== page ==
The Power of Positivity: How Positive Framing Can Improve Your Copywriting

positive framing

 

In life and marketing, the delivery is just as important as the message. Whether you realize it or not, you probably frame your messaging every day. Though some may interpret that thought as permission to tell half-truths, that’s expressly not the point. Instead, it is meant to teach a valuable copywriting lesson – the way you say something matters.

There are two main strategies when framing your message: positive or negative. If I’m a plumber, I might frame a new ad for pipe replacement as:

 

Negative: Your pipes may be ready to burst.

-or-

Positive: Strengthen your pipes for years to come.

 

As you can see, the negative take may seem direr, but it’s also a downer that could turn consumers off from your services. That’s not to say that going negative is always the wrong choice. Anti-smoking campaigns, for instance, often focus on the negative effects of tobacco to emotionally resonate with their audiences. At its worst, this “loss framing,” as it’s called, can come off as unnecessarily alarmist.  

The power of positive framing is perfectly illustrated in the famous framing experiment conducted by Amos Tversky and Daniel Kahneman in 1981. The experiment presented a hypothetical question about a risky treatment for 600 people afflicted with a deadly disease. Participants were presented with one version of the following treatment.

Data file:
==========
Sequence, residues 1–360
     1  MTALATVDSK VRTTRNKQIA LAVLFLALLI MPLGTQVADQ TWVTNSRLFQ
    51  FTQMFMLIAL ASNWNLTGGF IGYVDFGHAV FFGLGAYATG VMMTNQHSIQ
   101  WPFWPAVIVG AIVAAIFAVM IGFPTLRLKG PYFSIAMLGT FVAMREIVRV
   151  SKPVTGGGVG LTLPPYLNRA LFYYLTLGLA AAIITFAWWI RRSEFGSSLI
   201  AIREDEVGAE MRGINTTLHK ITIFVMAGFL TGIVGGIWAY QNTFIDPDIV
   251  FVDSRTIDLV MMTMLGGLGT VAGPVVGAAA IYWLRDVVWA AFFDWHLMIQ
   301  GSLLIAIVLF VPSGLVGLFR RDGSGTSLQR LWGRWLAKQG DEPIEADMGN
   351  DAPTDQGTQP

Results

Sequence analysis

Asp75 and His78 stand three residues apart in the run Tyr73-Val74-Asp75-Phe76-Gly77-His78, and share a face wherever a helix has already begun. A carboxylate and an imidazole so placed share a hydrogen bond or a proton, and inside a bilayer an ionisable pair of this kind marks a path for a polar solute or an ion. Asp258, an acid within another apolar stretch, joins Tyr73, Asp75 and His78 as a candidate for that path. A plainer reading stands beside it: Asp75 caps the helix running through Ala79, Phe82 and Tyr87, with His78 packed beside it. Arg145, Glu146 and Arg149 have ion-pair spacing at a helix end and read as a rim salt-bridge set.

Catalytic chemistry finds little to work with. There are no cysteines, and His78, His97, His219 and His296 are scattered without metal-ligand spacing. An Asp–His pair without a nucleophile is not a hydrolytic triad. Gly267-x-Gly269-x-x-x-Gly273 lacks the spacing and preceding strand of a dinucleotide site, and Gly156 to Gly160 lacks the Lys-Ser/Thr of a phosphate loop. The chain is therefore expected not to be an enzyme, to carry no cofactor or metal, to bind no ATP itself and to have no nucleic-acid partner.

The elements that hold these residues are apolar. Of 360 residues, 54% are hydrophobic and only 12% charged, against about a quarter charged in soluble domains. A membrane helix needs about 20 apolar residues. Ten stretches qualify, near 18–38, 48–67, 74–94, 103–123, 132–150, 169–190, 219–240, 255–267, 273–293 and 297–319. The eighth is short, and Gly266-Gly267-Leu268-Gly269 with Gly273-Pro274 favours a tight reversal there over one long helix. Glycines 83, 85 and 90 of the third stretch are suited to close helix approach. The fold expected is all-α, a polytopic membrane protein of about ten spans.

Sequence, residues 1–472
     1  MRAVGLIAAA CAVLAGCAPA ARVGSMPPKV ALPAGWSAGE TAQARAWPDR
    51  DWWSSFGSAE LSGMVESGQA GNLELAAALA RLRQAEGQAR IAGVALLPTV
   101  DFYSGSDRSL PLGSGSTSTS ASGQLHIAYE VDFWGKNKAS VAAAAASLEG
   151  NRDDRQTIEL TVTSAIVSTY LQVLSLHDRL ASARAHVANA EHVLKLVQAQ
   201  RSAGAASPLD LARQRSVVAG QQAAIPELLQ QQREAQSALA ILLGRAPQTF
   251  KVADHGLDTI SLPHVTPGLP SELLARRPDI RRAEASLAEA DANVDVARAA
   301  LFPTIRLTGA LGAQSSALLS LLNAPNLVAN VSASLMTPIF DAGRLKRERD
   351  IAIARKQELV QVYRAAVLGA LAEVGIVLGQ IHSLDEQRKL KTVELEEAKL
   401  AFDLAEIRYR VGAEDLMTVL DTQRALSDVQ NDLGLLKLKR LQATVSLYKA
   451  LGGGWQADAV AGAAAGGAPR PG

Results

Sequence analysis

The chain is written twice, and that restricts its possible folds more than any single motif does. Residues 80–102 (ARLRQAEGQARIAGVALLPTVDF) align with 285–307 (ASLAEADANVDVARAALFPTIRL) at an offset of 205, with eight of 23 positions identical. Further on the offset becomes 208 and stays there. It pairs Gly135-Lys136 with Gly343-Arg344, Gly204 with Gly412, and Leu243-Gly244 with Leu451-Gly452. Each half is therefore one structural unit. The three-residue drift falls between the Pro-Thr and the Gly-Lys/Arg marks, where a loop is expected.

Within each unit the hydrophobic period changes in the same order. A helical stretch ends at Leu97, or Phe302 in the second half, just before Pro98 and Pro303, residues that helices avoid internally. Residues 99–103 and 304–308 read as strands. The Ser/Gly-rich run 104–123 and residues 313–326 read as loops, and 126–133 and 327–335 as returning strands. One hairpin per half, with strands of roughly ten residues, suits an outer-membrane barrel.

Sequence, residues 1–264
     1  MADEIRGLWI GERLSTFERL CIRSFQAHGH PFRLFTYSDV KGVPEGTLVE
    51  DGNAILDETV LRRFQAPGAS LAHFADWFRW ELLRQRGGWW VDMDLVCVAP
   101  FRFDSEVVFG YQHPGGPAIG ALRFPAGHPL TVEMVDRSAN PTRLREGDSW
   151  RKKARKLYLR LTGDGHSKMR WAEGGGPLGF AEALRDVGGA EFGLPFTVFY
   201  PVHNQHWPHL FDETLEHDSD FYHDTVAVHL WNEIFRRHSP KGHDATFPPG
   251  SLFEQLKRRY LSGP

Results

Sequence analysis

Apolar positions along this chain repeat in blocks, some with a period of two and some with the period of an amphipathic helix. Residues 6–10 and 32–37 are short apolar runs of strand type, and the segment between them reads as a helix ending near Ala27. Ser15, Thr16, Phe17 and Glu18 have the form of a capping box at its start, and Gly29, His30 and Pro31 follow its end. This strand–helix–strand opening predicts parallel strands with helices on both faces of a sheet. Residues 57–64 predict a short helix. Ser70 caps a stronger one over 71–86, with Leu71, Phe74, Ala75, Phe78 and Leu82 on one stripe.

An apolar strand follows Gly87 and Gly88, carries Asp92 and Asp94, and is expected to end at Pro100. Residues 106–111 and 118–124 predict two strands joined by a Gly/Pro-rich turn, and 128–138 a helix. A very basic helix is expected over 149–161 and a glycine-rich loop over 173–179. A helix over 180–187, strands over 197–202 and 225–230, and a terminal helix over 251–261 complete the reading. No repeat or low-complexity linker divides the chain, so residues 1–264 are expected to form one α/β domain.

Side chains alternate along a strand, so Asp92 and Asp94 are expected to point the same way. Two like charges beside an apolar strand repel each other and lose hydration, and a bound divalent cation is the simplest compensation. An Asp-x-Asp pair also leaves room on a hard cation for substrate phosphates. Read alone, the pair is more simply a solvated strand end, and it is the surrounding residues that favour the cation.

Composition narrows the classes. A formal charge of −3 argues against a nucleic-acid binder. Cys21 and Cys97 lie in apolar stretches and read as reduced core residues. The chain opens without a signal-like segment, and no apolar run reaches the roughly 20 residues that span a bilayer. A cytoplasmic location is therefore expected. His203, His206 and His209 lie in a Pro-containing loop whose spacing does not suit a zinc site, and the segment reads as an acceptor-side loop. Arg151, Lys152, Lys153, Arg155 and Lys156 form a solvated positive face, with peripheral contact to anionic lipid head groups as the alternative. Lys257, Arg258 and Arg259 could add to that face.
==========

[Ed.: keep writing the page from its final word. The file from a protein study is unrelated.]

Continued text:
Negative:  The treatment has a 33% chance of saving all 600 people and a 66% possibility of saving no one.

-or-

Positive: The treatment has a 33% chance that no people will die and a 66% probability that all 600 will die.

 

The result? 72% of participants presented with the positive framing said the procedure was worth the risk. Only 22% presented with the negative framing followed suit. Similar results came from other negatively and positively positioned scenarios. 

There are plenty of ways to choose positivity over negativity in your copywriting, and doing so can attract new clients and keep the ones you already have. For example:

 

Negative: You could be overspending

Positive: You could save money


Negative: Don’t use unsafe equipment

Positive: Use safer equipment


Negative: Stop being unhealthy

Positive: Be healthier


Negative: Stop being a bad writer

Positive: Improve your writing

 

When promoting your business, you should understand that your clients have a problem that your product or service can solve. Instead of focusing on the problem, focus on your product or service as the solution. That not only makes your content less of a downer but also inspires your audience to see your company in a positive light.